BERLIN/ISTANBUL: German Foreign Minister Guido Westerwelle said Tuesday that Germany is “ready in principle” to host Syrians who have fled the war there, but added that it must be done under an international framework.
“Germany is ready in principle to welcome Syrian refugees,” he told regional newspaper Rheinische Post.
But he called for a coordinated plan to be put in place with the United Nations, the European Union and refugee aid groups.
Turkey, which is coping with an influx of over 100,000 refugees from Syria, has been urging Europe to do more to help.
The European Union said Monday it would continue assisting Ankara but made no offer to take refugees in, and in the interview with Rheinische Post, Westerwelle noted that the “majority of the refugees want to remain in the region [around Syria], so as to be able to return immediately to their country once circumstances allow them to.”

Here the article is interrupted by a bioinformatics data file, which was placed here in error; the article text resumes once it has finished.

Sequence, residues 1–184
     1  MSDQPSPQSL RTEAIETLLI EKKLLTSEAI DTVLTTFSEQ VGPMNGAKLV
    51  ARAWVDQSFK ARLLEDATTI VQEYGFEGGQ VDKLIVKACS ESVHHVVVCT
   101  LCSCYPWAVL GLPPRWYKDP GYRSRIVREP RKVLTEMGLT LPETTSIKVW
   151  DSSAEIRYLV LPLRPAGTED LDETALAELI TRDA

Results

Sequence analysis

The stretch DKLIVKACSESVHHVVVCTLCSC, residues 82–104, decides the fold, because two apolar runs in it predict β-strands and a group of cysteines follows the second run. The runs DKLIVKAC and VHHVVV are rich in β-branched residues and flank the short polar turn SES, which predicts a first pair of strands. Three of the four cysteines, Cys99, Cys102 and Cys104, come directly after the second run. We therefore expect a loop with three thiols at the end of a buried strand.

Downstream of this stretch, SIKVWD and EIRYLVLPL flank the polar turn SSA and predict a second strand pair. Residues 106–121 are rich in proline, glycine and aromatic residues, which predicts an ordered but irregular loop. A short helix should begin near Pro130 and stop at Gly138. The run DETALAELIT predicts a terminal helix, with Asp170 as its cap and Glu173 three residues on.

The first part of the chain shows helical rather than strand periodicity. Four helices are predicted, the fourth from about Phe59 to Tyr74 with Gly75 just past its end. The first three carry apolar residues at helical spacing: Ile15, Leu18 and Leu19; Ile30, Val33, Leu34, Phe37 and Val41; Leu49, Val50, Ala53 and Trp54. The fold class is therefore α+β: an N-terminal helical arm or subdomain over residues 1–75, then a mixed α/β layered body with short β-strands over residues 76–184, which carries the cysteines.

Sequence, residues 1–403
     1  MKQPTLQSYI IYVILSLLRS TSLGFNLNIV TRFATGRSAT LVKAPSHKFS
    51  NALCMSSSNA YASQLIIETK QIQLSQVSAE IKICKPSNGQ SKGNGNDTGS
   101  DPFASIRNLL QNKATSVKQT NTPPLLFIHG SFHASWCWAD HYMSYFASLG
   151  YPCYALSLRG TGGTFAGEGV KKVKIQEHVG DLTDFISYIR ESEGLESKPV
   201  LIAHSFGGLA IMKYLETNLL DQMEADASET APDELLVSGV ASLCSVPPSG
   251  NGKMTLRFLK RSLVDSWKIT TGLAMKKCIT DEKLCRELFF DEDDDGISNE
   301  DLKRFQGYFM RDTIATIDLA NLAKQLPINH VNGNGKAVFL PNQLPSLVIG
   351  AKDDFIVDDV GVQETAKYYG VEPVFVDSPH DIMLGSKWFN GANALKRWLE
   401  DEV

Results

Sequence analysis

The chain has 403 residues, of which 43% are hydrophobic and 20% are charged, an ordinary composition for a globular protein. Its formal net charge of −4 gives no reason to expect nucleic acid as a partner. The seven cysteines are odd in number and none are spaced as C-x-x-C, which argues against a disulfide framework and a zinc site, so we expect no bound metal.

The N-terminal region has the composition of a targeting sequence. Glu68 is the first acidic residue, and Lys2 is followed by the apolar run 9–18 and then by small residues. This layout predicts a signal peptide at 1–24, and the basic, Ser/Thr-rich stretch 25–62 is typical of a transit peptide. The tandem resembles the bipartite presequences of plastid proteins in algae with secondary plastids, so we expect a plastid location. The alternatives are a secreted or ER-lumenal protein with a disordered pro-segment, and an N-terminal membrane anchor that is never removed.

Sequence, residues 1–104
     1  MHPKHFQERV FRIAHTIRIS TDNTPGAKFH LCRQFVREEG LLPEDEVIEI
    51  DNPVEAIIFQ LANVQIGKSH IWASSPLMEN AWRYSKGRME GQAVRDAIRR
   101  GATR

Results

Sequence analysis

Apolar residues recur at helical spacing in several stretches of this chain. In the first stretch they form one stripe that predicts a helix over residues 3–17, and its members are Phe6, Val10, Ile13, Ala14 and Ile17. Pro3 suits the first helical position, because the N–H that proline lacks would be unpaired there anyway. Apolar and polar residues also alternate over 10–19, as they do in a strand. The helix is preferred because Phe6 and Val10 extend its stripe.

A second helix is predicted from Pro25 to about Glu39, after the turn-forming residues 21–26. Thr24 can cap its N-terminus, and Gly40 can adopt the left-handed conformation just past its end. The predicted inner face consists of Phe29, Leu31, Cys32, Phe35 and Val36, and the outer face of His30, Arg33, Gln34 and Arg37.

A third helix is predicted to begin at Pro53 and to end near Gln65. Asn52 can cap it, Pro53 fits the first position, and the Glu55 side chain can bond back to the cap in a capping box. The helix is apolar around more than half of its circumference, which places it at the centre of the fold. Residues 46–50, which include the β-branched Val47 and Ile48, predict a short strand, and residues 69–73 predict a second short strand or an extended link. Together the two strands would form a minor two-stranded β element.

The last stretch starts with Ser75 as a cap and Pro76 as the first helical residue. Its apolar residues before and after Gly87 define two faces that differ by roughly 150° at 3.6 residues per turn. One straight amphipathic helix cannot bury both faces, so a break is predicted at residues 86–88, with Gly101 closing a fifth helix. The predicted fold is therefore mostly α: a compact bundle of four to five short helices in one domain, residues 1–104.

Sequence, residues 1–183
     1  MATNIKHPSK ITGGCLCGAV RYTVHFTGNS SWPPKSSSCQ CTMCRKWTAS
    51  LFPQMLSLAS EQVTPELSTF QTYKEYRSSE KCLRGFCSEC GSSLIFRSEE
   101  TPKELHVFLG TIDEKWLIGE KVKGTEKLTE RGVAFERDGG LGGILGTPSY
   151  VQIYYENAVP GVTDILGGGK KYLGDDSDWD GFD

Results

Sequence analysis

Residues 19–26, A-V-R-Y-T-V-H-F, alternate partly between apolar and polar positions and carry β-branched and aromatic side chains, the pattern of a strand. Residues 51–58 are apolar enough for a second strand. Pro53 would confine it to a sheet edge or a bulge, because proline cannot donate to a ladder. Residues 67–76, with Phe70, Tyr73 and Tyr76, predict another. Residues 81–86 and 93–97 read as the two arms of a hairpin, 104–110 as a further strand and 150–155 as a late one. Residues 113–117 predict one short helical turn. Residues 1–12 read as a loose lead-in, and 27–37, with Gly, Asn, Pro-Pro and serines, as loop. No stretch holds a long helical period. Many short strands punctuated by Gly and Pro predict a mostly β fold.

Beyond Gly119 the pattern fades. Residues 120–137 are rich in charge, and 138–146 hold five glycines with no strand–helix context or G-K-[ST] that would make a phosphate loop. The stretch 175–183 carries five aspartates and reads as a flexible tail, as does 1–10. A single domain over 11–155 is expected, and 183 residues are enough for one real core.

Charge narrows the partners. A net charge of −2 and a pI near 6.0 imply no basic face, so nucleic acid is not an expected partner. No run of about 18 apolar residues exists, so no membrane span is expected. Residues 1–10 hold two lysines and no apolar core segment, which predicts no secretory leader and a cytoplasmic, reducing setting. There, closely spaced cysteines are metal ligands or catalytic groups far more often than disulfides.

Germany was therefore putting the focus at the moment on humanitarian aid on site, he said.
The United Nations estimates that more than 2.5 million people have been affected by the fighting. There are more than 348,000 Syrian refugees registered in neighboring countries, but many more are unregistered.
Separately, Turkey has spent 400 million lira ($220 million) from government finances on accommodating refugees from the crisis in neighboring Syria, Finance Minister Mehmet Simsek said Tuesday.
The number of Syrian refugees housed in camps in southern Turkey has exceeded 100,000, the Turkish disaster management agency said Monday, a level beyond which Ankara had previously said it would struggle to accommodate more.